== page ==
In ui.apps.structure/pom.xml, the filters section for this plugin needs to contain a filter root as follows:


Once the new index definition is added, the new application needs to be deployed via Cloud Manager. Upon deployment two jobs are started, responsible for adding (and merging if needed) the index definitions to MongoDB and Azure Segment Store for author and publish, respectively. The underlying repositories are being reindexed with the new index definitions, before the Blue-Green switch is taking place.


In case you observe the following error in filevault validation

[ERROR] ValidationViolation: "jackrabbit-nodetypes: Mandatory child node missing: jcr:content [nt:base] inside node with types [nt:file]"

Then either of the following steps can be followed to fix the issue -

  1. Downgrade filevault to version 1.0.4 and add the following to the top level pom :

Below is an example of where to place the above configuration in the pom.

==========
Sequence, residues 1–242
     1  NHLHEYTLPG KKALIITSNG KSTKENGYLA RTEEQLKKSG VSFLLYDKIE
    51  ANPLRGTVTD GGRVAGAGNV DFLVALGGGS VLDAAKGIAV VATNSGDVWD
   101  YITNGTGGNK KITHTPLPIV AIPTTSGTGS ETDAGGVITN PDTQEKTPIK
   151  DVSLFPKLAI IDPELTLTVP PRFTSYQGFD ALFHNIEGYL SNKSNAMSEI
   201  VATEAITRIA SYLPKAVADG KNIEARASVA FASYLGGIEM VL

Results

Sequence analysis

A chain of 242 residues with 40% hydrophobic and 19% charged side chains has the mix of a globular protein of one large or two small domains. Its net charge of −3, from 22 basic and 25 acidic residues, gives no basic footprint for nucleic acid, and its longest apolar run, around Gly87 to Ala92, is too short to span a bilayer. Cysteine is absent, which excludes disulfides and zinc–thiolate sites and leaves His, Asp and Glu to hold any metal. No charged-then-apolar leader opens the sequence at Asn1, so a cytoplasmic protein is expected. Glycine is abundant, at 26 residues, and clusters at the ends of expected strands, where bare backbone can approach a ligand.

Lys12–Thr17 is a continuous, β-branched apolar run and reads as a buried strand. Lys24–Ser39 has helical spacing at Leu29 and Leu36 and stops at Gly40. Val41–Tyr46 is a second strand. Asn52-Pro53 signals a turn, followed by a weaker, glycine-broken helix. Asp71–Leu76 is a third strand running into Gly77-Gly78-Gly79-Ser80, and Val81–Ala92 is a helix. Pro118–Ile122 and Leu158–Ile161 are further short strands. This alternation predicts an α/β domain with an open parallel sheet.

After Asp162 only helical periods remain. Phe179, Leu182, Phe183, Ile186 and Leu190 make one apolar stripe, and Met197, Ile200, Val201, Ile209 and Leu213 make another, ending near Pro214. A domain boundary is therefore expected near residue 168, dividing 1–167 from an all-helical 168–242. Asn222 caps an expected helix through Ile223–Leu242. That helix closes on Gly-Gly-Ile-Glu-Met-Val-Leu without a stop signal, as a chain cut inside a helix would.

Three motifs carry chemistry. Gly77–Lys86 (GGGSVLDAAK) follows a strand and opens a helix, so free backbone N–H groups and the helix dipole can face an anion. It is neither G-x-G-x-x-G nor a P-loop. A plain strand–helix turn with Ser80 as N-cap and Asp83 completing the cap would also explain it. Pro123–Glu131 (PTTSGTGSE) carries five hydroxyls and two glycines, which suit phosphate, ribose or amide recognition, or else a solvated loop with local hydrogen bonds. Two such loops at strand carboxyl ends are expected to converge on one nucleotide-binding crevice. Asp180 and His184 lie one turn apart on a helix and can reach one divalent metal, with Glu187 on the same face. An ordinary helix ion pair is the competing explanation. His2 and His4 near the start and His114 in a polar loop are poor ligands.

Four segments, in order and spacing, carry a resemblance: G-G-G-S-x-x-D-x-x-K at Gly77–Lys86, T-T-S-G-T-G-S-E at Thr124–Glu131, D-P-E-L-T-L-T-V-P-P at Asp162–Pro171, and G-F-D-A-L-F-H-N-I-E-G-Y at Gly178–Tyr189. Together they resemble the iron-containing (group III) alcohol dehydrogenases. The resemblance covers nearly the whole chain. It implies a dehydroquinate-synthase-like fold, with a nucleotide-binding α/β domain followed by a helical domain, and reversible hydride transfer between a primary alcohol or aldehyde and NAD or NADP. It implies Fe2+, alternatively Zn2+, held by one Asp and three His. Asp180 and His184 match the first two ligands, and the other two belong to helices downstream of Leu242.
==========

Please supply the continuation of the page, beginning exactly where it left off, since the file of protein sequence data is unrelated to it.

1. Disable nodetype validation. Set the following property in the jackrabbit-nodetypes section of the configuration of the filevault plugin:

Below is an example of where to place the above configuration in the pom.


For further details on the required package structure for AEM as a Cloud Service, see the document AEM Project Structure.

Index Management using Blue-Green Deployments

What is Index Management

Index management is about adding, removing, and changing indexes. Changing the definition of an index is fast, but applying the change (often called “building an index”, or, for existing indexes, “reindexing”) requires time. It is not instantaneous: the repository has to be scanned for data to be indexed.

What is Blue-Green Deployment

Blue-Green deployment can reduce downtime. It also allows for zero downtime upgrades and provides fast rollbacks. The old version of the application (blue) runs at the same time as the new version of the application (green).

Read-Only and Read-Write Areas

Certain areas of the repository (read-only parts of the repository) can be different in the old (blue) and in the new (green) version of the application. The read-only areas of the repository are typically “/app” and “/libs”. In the following example, italic is used to mark read-only areas, while bold is used for read-write areas.

  • /
  • /apps (read-only)
  • /content
  • /libs (read-only)
  • /oak:index
  • /oak:index/acme.
  • /jcr:system
  • /system
  • /var

The read-write areas of the repository are shared between all versions of the application, while for each version of the application, there is a specific set of /apps and /libs.